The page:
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Psalm 23 as Cultural Icon

Album covers for Tupac's "So Many Tears" and Kanye West's "Jesus Walks".
Album covers for Tupac’s “So Many Tears” and Kanye West’s “Jesus Walks”

Ps 23 appears in numerous cultural contexts, from public discourse to a vast array of artistic interpretations in classical and popular music, literature, film, and art. A simple search on Google, YouTube, and Wikipedia reveals the breadth of the psalm’s popularity. Real-life uses of the text occur commonly at funerals, as was the case at Whitney Houston’s memorial. Likewise, President George W. Bush cited part of Ps 23 in his speech to the nation on September 11, 2001. Two similar artistic examples are the film Titanic, in which a priest reads the psalm as the ship is sinking, and John Wayne’s Rooster Cogburn, in which the female protagonist recites the biblical text in the face of her attacker. In these contexts, the passage is used straightforwardly and uncritically to inspire hope and trust in difficult circumstances, as was presumably the case in the psalm’s original setting. Perhaps this expression of confidence in divine protection and blessing accounts for the psalm’s continued appeal.

The majority of artistic references, however, interact with the psalm in more subtle and nuanced ways. For instance, Coolio’s song “Gangsta’s Paradise,” Tupac Shakur’s “So Many Tears,” and Kanye West’s “Jesus Walks” refer to “the valley of the shadow of death” to signify the dangers of life on inner-city streets. While Coolio rejects the hope present in the biblical text (“I take a look at my life and realize there’s nothin’ left”), as does Tupac, West holds out that the shepherd—Jesus—might be able to help him, though he is not nearly as optimistic as the biblical writer. All three rappers have essentially turned the biblical psalm of trust into one of lament and sadness, and they employed it in a call for social justice. Although Coolio “says prayers in the streetlight,” he ultimately relies on himself, not God, for any potential liberation. This shift is indicative of American individualism and self-reliance.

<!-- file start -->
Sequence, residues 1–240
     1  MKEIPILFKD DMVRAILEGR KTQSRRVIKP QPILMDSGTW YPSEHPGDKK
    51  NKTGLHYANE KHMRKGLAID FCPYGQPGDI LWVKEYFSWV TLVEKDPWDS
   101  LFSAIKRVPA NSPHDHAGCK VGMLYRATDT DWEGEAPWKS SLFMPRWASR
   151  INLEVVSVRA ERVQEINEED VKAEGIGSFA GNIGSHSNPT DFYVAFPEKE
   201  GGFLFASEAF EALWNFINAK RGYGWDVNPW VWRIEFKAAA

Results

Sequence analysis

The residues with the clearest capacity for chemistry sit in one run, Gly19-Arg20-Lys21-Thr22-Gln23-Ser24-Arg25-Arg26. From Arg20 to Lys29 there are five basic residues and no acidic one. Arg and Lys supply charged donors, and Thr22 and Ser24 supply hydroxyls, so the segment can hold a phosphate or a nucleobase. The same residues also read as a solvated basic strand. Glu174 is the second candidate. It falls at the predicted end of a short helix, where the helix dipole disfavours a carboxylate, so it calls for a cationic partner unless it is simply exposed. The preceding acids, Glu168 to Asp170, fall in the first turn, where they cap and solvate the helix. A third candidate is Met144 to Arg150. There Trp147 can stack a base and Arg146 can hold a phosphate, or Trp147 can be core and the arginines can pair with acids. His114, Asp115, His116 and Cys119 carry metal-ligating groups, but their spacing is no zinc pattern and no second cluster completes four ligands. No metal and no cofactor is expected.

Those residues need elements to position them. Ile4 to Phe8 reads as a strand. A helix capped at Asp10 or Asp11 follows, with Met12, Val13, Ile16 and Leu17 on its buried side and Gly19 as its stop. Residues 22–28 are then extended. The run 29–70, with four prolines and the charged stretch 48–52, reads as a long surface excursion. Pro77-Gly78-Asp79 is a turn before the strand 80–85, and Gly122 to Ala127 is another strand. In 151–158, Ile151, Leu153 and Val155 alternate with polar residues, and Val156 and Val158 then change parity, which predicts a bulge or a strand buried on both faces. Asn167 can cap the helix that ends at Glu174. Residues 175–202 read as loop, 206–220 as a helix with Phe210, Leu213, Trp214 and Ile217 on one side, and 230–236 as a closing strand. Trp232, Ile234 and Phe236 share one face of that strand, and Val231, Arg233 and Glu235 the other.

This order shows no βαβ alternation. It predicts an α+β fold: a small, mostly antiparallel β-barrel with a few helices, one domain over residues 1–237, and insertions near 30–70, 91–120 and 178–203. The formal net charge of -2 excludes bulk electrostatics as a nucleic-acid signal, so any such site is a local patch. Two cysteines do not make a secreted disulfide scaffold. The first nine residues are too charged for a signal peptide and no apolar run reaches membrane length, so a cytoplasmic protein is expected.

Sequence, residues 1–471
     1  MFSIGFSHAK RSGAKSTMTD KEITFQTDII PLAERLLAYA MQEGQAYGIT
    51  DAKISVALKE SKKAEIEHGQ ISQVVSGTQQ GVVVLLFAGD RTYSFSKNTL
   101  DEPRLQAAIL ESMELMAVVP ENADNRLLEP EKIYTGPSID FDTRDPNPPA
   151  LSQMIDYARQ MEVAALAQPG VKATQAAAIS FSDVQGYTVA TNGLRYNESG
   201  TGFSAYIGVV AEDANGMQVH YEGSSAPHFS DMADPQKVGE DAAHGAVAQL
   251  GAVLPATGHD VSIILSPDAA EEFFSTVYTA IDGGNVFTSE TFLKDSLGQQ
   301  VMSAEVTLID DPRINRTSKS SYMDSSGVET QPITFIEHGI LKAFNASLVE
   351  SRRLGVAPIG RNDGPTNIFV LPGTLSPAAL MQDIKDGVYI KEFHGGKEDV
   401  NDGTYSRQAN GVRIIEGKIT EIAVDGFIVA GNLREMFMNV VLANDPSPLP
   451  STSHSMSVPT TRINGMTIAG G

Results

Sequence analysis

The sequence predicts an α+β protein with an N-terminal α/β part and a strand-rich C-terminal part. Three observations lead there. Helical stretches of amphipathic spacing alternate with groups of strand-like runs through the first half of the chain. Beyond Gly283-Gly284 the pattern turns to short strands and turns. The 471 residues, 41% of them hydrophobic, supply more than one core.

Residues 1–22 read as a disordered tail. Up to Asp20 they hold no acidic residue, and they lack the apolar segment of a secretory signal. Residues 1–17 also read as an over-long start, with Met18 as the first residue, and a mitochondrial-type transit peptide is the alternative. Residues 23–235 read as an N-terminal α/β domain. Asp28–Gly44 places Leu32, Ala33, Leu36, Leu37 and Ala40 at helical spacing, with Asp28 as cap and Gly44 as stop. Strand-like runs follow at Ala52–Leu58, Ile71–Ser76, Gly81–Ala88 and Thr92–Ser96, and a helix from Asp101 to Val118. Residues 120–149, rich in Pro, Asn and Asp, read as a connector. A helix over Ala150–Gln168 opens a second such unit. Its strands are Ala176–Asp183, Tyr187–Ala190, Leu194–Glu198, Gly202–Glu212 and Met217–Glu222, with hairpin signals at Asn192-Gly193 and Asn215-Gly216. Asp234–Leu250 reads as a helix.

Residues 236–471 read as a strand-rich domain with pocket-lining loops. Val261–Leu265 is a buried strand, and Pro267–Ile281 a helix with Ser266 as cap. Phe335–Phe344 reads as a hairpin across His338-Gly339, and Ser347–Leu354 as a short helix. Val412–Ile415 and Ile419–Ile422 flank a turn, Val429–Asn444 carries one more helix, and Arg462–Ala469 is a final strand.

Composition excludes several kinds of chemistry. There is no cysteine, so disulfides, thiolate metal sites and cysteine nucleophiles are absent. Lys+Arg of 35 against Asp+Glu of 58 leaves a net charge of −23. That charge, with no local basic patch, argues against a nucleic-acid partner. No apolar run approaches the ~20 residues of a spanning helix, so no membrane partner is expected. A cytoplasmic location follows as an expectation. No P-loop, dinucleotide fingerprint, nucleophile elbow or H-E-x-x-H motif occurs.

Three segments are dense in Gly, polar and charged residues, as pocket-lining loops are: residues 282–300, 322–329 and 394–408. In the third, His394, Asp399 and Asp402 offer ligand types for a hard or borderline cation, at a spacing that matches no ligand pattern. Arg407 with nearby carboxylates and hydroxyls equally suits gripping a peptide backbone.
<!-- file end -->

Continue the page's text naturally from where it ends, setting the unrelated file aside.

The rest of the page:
In film, Clint Eastwood’s Pale Rider also features the interplay of hope and doubting the divine. As a young girl buries her dog killed by the villains, she recites Ps 23 interspersing her own commentary: “‘I shall not want’—but I do want . . . ‘He restoreth my soul’—but they killed my dog . . . ‘I shall fear no evil’—but I am afraid . . . ‘Thy loving kindness and mercy shall follow me’—if you exist.”

The line “my cup runneth over” has also found its way into a variety of songs—the image of a full cup is more accessible, perhaps, than lying down in green pastures or having one’s head anointed with oil. Rapper Jay-Z uses it to refer to financial gain (“Can’t Knock the Hustle”), while Eminem’s “cup runneth over” with anger and disappointment (“Rabbit Run”). Of course, neither performer attributes his situation to a divine hand.

The popularity of Ps 23 in the Christian tradition—perhaps in part because of its view of God as a shepherd, which links this Hebrew Bible passage with depictions of Jesus in the New Testament—has contributed to the psalm’s appeal in Western culture. Moreover, its words of fulfillment, peace, and tranquility (Ps 1-3) side by side with the acknowledgement of life’s dangers—the valley of death and the presence of enemies—have helped transform it into a cultural icon that powerfully and poignantly captures universal human sentiments.

  • Mark Roncace

    Mark Roncace, associate professor of religion at Wingate University, is the coeditor of Teaching the Bible Through Popular Culture and the Arts (SBL, 2007).